So what does that mean, you ask? It means you need to monitor carefully if a child is being prescribed an antidepressant for an anxiety disorder or depression. If you see signs of excessive mood elevation or behavioral (over)activation, contact the doctor.
While interpreting the findings from this study is difficult and more research is needed, the investigators note:
Notably, we recommend special caution and close monitoring in the use of ADs to treat depression or anxiety in juvenile patients in whom the risk of excessive mood elevation or the presence of undiagnosed BPD [Bipolar Disorder] is likely to be underestimated. Those who experience pathological mood elevation or activation during AD [antidepressant] treatment need especially close monitoring for similar future responses and for development of BPD. We also encourage avoidance of unnecessary and potentially burdensome or risky, indefinite, long-term use of mood-stabilizing treatments following single mood-elevating responses to AD treatment and consideration of effective and safe nonpharmacological interventions, such as psychotherapy, for anxiety disorders.
You can access the full article online, here.
Mark your calendars for these webinars from the NJ Center for Tourette Syndrome & Associated Disorders
Don’t live in an area where you can easily get information or support? Consider signing up for free webinars. Here’s a press release from the New Jersey Center For Tourette Syndrome & Associated Disorders that lists six upcoming webinars:
Between now and the end of April, NJCTS will present 6 more webinars, beginning February 12 with “Treating Specific Phobias: When and How?” Presented by Dr. Martin E. Franklin, Ph.D. — Associate Professor of Psychiatry at the University of Pennsylvania School of Medicine and Director of Penn’s Child/Adolescent OCD, Tics, Trichotillomania, & Anxiety Group (COTTAGe) — this webinar will discuss how specific phobias such as fear of snakes, heights and medical procedures are among the most common mental health issues, and that they are associated with significant anxiety and avoidance that can cause functional impairment.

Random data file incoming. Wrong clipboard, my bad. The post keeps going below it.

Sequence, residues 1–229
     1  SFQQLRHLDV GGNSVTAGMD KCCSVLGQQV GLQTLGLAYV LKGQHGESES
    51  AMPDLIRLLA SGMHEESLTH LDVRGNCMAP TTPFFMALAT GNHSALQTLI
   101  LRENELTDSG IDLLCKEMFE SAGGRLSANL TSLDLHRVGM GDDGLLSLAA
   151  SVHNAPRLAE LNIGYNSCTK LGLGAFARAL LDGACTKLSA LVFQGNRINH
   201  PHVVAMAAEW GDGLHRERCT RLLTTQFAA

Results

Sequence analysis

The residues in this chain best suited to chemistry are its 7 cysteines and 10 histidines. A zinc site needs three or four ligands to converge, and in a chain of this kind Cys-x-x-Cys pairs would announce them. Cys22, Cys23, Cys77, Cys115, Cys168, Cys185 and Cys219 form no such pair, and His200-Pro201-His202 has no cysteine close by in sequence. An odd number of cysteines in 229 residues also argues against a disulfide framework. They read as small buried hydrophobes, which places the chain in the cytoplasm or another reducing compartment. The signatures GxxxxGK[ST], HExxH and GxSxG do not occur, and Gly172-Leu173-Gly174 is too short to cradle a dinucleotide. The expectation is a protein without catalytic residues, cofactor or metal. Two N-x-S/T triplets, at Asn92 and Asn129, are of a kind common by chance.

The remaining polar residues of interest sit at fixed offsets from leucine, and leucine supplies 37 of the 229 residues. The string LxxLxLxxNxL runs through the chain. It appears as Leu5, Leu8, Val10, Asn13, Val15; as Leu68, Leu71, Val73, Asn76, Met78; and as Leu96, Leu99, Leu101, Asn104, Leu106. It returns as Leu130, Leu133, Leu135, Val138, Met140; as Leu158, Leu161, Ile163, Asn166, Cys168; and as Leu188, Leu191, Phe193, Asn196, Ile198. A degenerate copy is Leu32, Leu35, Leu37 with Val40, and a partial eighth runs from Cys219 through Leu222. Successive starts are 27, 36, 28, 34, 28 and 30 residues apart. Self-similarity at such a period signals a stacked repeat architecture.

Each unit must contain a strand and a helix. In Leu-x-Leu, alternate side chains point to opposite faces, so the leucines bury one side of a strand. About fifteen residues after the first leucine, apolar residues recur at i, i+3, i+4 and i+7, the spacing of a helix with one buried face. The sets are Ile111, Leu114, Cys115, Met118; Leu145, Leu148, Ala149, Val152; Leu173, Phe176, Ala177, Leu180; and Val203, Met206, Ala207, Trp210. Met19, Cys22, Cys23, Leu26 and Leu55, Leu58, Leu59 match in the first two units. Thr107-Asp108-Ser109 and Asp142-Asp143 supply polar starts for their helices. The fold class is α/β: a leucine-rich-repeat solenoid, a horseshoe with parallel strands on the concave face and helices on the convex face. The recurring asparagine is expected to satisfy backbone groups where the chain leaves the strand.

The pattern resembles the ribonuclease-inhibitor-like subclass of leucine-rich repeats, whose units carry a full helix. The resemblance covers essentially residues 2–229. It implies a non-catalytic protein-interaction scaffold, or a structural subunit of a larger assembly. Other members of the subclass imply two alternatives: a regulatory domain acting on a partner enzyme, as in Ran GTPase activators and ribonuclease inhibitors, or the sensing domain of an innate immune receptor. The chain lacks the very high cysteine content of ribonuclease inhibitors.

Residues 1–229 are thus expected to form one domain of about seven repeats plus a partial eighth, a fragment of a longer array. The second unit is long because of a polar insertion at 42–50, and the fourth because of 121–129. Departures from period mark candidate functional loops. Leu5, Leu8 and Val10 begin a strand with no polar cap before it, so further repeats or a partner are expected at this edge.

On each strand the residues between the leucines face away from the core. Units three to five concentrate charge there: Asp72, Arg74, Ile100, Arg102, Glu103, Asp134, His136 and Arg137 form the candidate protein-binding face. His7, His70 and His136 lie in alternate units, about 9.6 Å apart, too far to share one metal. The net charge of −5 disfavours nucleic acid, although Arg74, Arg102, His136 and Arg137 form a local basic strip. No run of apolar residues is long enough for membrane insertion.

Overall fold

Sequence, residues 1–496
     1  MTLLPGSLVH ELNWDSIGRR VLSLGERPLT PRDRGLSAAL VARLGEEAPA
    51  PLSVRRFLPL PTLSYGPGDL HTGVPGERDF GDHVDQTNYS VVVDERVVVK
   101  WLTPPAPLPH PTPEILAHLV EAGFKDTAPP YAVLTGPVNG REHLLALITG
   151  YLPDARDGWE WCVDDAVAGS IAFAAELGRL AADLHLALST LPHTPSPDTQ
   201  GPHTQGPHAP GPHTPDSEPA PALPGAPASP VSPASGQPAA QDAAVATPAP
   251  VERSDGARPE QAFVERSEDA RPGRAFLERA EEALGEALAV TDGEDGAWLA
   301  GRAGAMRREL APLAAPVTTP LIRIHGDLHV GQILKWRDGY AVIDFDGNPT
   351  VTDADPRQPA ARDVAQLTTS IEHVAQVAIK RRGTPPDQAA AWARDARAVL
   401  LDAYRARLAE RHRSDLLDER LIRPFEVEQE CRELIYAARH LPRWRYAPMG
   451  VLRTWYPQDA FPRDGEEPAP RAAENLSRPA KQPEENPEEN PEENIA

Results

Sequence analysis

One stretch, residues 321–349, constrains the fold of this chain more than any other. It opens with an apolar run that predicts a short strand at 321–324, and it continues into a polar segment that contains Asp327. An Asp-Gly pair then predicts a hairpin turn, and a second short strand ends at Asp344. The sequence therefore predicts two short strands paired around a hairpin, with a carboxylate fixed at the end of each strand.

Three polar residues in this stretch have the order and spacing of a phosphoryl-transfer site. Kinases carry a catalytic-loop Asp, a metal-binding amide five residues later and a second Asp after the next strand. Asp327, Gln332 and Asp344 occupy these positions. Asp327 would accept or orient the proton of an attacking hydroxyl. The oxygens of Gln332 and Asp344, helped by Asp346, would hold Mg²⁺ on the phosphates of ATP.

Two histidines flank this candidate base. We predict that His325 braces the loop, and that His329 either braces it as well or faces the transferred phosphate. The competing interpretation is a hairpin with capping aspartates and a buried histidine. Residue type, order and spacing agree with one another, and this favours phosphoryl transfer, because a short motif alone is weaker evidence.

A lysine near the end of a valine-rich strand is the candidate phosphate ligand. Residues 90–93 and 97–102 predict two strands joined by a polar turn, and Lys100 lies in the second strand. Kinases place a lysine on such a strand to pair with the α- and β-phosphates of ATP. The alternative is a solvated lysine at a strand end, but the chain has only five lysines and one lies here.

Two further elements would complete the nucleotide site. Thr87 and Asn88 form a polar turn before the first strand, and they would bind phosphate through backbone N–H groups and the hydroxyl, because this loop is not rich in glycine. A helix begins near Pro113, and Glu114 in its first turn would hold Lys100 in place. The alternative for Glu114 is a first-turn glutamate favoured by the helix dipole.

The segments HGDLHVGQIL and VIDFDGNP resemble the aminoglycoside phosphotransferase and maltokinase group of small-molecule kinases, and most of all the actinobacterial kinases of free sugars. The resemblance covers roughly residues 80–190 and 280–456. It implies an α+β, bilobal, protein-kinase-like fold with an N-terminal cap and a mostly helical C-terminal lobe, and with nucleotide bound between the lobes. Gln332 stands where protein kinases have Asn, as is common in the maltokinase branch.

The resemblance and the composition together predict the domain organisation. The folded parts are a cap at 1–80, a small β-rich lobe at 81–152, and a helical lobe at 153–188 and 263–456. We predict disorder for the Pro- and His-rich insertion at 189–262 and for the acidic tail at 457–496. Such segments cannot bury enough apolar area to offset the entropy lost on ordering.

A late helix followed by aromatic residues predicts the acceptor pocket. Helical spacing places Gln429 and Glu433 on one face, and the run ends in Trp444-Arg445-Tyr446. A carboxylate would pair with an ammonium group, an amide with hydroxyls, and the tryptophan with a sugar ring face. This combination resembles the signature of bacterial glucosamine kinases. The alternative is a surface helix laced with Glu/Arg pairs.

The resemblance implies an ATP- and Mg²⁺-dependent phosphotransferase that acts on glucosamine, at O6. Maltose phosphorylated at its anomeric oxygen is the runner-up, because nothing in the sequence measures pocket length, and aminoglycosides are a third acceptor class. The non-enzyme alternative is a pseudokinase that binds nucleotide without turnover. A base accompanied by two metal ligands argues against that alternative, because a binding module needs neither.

Many manage to work around their fears, but when doing so causes difficulties with functioning it might be time to seek help. Cognitive behavioral therapy (CBT) involving gradual exposure to the feared situations or objects have worked well for a wide variety of phobias and can be delivered efficiently by trained providers. This webinar will focus on when it is best to seek such help, how to identify providers with sufficient knowledge and expertise to provide CBT, and what to expect from such treatments in terms of process, response and maintenance of gains.
To register for this free webinar, please visit https://www1.gotomeeting.com/register/150739560.
Here is a list of other upcoming NJCTS Wednesday Webinars:
February 26 — “Getting Unstuck: How to Overcome Anxiety and Mood Problems with Behavioral Activation and Exposure,” presented by Dr. Brian Chu, Ph.D. For more information and to register for this free webinar, please visit https://www1.gotomeeting.com/register/169942248.
March 12 — “Chill Out! Helping Teens and Young Adults Manage Stress and Anxiety,” presented by Rachel Strohl, Psy.D. For more information and to register for this free webinar, please visit https://www1.gotomeeting.com/register/513718864.
March 26 — “Using Creative Arts in Therapy: Benefits of Music, Dance & Art,” presented by Kathleen Nace, MT-BC, NMT, of The Center for Neurological and Neurodevelopmental Health. For more information and to register for this free webinar, please visit https://www1.gotomeeting.com/register/782297336.
April 9 — “Resilience and Tourette Syndrome,” presented by Cathy Budman, MD, director of the Movement Disorders Program at North Shore-LIJ Health System. For more information and to register for this free webinar, please visit https://www1.gotomeeting.com/register/387571889.
April 23 — “Tourette Syndrome & Developmental Disabilities,” presented by Lawrence Brown, MD. For more information and to register for this free webinar, please visit https://www1.gotomeeting.com/register/179757416.
These webinars are free to view, but those wishing to receive a Professional Development Certificate or a Certificate of Attendance for attending any of these live webinars must pay a $20 nonrefundable fee to receive the certificate. For more information, please call 908-575-7350 or visit www.njcts.org.